As for providing the White House with accurate intelligence, the record of the CIA has been a fiasco. The Agency was telling President Carter the Shah of Iran was beloved by his people and was firmly entrenched in power in 1979 when any reader of Harper’s magazine, available on newsstands for a buck, could read that his overthrow was imminent---and it was. Over the years, the Agency has been wrong far more often than it has been right.

According to an Associated Press report, when confirmed by the Senate as the new CIA director, Leon Panetta said the Obama administration would not prosecute CIA officers that “participated in harsh interrogations even if they constituted torture as long as they did not go beyond their instructions.” This will allow interrogators to evade prosecution for following the clearly criminal orders they would have been justified to disobey.

 “Panetta also said that the Obama administration would continue to transfer foreign detainees to other countries for questioning but only if U.S. officials are confident that the prisoners will not be tortured,” the AP story continued.

 If past is prologue, how confident can Panetta be the CIA’s fellow goons in Egypt and Morocco will stop torturing prisoners? Why did the CIA kidnap men off the streets of Milan and New York and fly them to those countries in the first place if not for torture? They certainly weren’t treating them to a Mediterranean vacation.

 By its long and nearly perfect record of reckless disregard for international law, the CIA has deprived itself of the right to exist. 

 It will be worse than unfortunate if President Obama continues the inhumane (and illegal) CIA renditions that President Bill Clinton began and President Bush vastly expanded. If the White House thinks its operatives can roam the world and arrest and torture any person it chooses without a court order, without due process, and without answering for their crimes, this signifies Americans believe themselves to be a Master Race better than others and above international law. That’s not much different from the philosophy that motivated Adolph Hitler’s Third Reich.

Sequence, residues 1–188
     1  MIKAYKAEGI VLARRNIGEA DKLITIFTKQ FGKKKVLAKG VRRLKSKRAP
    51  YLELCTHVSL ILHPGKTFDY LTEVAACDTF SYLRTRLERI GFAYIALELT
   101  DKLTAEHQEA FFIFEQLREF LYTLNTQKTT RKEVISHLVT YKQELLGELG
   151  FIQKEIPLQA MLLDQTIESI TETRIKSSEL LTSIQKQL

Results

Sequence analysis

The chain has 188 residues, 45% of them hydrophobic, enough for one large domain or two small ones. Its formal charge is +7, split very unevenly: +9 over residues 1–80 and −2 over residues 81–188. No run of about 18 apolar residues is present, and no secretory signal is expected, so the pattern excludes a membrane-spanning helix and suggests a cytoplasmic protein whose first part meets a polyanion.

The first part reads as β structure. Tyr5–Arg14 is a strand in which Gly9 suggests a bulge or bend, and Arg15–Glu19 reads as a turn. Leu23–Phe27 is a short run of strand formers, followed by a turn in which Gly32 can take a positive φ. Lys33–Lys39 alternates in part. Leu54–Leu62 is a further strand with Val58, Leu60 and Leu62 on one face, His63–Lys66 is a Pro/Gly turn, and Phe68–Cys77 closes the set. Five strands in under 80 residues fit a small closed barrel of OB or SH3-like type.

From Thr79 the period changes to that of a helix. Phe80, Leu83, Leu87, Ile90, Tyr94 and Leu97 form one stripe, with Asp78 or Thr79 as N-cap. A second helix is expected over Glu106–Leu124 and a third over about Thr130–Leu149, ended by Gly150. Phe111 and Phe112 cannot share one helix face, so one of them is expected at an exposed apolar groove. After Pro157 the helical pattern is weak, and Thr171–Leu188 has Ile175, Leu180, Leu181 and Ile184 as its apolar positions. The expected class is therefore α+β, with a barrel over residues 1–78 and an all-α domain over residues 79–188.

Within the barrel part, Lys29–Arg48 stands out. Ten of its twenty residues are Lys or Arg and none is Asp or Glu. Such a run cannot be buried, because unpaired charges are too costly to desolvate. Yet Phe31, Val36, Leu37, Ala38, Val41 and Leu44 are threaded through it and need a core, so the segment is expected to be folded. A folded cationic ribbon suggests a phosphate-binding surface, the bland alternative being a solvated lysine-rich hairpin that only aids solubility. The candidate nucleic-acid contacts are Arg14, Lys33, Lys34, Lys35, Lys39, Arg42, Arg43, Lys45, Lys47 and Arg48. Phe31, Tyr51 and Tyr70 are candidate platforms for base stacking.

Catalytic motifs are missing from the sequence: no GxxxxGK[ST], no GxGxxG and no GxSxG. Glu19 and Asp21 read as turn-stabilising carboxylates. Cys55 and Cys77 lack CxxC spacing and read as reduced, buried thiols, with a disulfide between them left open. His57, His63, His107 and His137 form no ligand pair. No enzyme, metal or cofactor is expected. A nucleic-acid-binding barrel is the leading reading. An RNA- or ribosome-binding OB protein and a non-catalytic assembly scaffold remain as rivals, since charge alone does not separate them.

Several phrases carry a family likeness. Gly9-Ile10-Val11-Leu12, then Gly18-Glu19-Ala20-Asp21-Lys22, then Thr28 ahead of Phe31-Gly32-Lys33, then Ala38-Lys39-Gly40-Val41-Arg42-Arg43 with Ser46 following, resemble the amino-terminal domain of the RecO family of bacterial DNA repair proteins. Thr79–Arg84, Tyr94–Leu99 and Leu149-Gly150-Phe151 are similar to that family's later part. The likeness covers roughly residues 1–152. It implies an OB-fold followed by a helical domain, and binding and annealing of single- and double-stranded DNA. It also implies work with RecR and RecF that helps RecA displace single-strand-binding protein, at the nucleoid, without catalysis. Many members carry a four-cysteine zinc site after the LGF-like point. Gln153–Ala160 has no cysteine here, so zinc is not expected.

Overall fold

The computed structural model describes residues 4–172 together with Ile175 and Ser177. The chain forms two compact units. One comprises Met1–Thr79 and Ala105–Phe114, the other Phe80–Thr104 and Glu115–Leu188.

It would be the supreme irony if the American electorate that repudiated racism last November has voted into its highest office a constitutional lawyer who reaffirms his predecessor’s illegal views on this activity. Renditions must be stopped. The CIA must be abolished.                                                           #

(Sherwood Ross is a Miami-based public relations consultant and columnist who formerly reported for the Chicago Daily News, the New York Herald-Tribune, and wire services. Reach him at sherwoodr1@yahoo.com) 

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Sherwood Ross worked as a reporter for the Chicago Daily News and contributed a regular "Workplace" column for Reuters. He has contributed to national magazines and hosted a talk show on WOL, Washington, D.C. In the Sixties he was active as public (more...)
 
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The entire National Secutiry Act should be repeale... by William Whitten on Sunday, Feb 22, 2009 at 2:26:17 PM
Mr. Whitten, that's a very good point about th... by Sherwood Ross on Sunday, Feb 22, 2009 at 3:15:49 PM